First and foremost, we’re very pleased and proud to report that French at Stirling was rated 17th in the UK and 3rd in Scotland in the Sunday Times Good University Guide last month. A great achievement!

On the research front, welcome to our new French at Stirling PhD student, Lauren Kenny, who will be working on the translation of subtitles, supervised by Cristina Johnston and our colleague in Translation, Xiaojun Zhang. And congratulations to our continuing PhD student, Fraser McQueen, who has had another article on contemporary France published in The Conversation, as well as an article in Modern and Contemporary France on ‘France’s elites, Islamophobia and communities of friendship in Sabri Louata’s Les Sauvages.

In terms of research events, this year’s Literature and Languages research seminar series started with a great talk on the role of the public intellectual in France by the University of Edinburgh’s Emile Chabal. Plenty of food for thought and good to see staff, postgrads and undergrads in attendance. In December, we’ll be welcoming a group of French-English Translation postgrads and postdocs to Stirling for a week-long workshop on translation for historians and for history journals. We’re running the workshop in conjunction with our colleagues at ATLAS (the Association pour la Promotion de la Traduction Littéraire) with our own Siân Reynolds as one of the tutors for the week. And we’re also looking forward to seeing the full line-up for Bill Marshall’s Cinéma-Monde Conference that is due to take place at the end of May next year.

2017 Erasmus Plus LogoAs for our students, plenty to report there too. Thanks to everyone who came along to our get-together for returning Study Abroad students, Year 3 students about to head off for their Semester Abroad, visiting exchange students and this year’s Translation and Interpreting cohort from our partner at Hebei Normal University in China. Particular thanks to Fiona Buckland and the International Office for their support in organising that event – always great to see our students exchanging their tips about our Study Abroad partners. We also have around a dozen students who have just embarked on their English Language Assistantships across France, a small group of whom are participating in SCILT’s ‘Language Linking, Global Thinking’ scheme, about which more soon… And we’ve sent our first Language Ambassadors of 2017-18 out into a couple of schools to talk to the pupils about the benefits of language learning – again, more on that very soon.

And we have five Erasmus students – Axel, Manon, Léa, Elodie and Léna – who will be leading weekly 30-minute conversation sessions across our degree programmes – a great benefit for our students but also a fantastic addition to the CVs of the Erasmus students who are involved. It’s still early days but all of them seem to be enjoying the experience so far!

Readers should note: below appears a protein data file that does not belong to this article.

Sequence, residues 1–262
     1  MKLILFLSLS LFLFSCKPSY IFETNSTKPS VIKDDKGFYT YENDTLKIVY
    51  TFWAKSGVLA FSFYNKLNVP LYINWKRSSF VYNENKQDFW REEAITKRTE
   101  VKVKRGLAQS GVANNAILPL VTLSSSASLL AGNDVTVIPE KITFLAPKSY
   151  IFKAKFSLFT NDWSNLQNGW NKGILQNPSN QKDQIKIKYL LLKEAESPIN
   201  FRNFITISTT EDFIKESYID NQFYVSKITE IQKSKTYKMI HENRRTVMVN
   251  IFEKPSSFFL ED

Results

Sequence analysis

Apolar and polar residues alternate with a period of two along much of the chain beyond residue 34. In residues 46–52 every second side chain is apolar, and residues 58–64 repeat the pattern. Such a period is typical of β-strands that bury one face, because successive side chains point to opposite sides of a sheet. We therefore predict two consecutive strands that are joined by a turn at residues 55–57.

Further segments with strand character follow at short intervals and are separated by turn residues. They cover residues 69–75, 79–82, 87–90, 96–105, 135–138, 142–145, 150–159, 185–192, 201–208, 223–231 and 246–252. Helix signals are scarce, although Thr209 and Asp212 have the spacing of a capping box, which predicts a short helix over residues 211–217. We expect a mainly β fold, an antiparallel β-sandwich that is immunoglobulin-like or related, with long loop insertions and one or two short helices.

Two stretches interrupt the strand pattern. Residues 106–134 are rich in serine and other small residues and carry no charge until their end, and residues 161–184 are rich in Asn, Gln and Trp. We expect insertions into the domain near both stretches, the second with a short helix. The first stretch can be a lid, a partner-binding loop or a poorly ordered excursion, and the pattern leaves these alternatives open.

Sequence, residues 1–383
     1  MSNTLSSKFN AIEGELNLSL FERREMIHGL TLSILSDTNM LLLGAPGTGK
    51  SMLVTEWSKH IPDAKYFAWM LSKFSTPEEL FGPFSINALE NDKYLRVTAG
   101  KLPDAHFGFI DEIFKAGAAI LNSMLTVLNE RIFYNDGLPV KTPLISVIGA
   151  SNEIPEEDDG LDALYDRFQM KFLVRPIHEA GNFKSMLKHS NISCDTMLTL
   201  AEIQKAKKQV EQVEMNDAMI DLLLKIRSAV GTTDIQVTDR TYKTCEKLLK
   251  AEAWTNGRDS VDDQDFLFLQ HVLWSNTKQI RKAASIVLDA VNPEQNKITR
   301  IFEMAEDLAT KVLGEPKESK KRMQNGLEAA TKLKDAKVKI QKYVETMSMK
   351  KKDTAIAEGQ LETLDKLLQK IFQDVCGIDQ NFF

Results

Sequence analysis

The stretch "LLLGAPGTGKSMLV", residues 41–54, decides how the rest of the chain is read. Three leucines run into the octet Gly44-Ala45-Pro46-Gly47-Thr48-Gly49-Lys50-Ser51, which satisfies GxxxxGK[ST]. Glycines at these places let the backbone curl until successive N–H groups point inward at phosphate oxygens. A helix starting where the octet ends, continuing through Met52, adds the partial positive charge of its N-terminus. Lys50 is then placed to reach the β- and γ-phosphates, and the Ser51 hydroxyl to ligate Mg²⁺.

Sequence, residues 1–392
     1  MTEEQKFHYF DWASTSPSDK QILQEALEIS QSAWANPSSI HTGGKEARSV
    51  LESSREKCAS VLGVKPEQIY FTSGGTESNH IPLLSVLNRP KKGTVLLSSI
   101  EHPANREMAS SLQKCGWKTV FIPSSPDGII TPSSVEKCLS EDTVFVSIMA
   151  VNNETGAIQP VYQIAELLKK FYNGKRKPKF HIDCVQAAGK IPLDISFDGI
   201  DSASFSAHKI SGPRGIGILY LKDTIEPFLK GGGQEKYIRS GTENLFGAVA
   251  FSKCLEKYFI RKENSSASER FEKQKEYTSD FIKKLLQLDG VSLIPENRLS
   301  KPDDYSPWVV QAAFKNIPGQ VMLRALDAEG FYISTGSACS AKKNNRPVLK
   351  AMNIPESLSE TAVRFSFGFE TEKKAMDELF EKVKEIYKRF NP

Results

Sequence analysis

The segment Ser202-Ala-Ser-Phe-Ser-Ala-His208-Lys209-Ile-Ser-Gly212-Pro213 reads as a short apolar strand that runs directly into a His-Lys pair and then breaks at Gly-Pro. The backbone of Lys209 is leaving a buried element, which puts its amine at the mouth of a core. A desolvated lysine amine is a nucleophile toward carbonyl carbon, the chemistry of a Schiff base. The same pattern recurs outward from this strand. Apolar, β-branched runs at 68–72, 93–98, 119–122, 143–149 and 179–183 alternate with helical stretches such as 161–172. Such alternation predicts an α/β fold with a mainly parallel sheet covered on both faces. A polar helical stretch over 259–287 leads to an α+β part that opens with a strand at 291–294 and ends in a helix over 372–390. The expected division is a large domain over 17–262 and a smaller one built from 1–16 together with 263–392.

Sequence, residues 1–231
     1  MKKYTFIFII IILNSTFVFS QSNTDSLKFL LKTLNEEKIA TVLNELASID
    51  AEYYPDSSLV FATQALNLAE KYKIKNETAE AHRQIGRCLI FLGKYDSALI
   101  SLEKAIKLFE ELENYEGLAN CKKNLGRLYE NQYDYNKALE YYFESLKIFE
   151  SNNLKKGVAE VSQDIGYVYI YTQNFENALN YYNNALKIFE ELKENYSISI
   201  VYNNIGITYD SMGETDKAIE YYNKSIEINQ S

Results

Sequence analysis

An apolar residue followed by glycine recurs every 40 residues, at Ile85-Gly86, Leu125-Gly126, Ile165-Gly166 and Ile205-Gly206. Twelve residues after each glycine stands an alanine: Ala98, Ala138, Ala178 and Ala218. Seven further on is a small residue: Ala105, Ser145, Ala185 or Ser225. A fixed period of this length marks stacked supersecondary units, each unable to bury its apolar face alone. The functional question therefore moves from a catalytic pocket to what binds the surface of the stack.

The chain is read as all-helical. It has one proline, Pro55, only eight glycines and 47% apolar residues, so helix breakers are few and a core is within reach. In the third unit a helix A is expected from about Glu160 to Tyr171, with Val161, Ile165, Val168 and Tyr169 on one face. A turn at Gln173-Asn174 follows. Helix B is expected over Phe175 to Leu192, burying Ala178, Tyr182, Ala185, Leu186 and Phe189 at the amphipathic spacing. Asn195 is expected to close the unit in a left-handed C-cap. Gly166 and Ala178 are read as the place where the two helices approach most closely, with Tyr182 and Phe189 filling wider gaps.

Oh yes and our Study Abroad Advisor for French, Jean-Michel DesJacques, has been invited to attend the ‘Erasmus@30’ celebrations at the Scottish Parliament later this month, along with his Spanish counterpart, Jose Ferreira-Cayuela, and Fiona Buckland from the International Office. Watch this space for photos…

What else? Well, the programme for the French Film Festival at the MacRobert has been firmed up so I’ll be able to post a little more about that very soon and Africa in Motion (founded by one of our former PhD students) has also just launched its 2017 programme which, as ever, looks brilliant!

Lots more to follow over the next few days.

French at Stirling student’s China trip

As you may recall, this year has seen the first cohort of students from our partners at Hebei Normal University in China here in Stirling for the final year of our new double degree programme in Translation and Interpreting. To help the incoming students adapt to life in Stirling and in Scotland, we set up an informal buddying scheme involving students from across the campus. As the year progressed, the Stirling buddies were invited to apply for the opportunity to travel to China to meet with the next cohort of HNU students and, following a very competitive selection process, French at Stirling student Elliot Knight was selected. He travelled to China at the end of March and, now that teaching and exams are over, we’ve finally had a chance to catch up with him to get tales from his trip:

2017 HNU Elliot Photo May“If I have learned anything from my trip to China as a student ambassador, it’s that walking around a Chinese university campus clad in a kilt attracts a fair amount of attention. Students and lecturers alike would come up to me and ask me where I was from and what I was doing there, and I told them that I was there as a student ambassador from the University of Stirling. It made me proud to represent my university, and indeed Scotland in China.

From the moment that the plane landed in Beijing, everything about my environment felt different to anything that I had experienced before. The constant noise of car horns, the smog, the architecture, the food, the colours, the language and most of all the sheer number of people. From Beijing, I took a high-speed train to Shijiazhuang, where Hebei Normal University is located.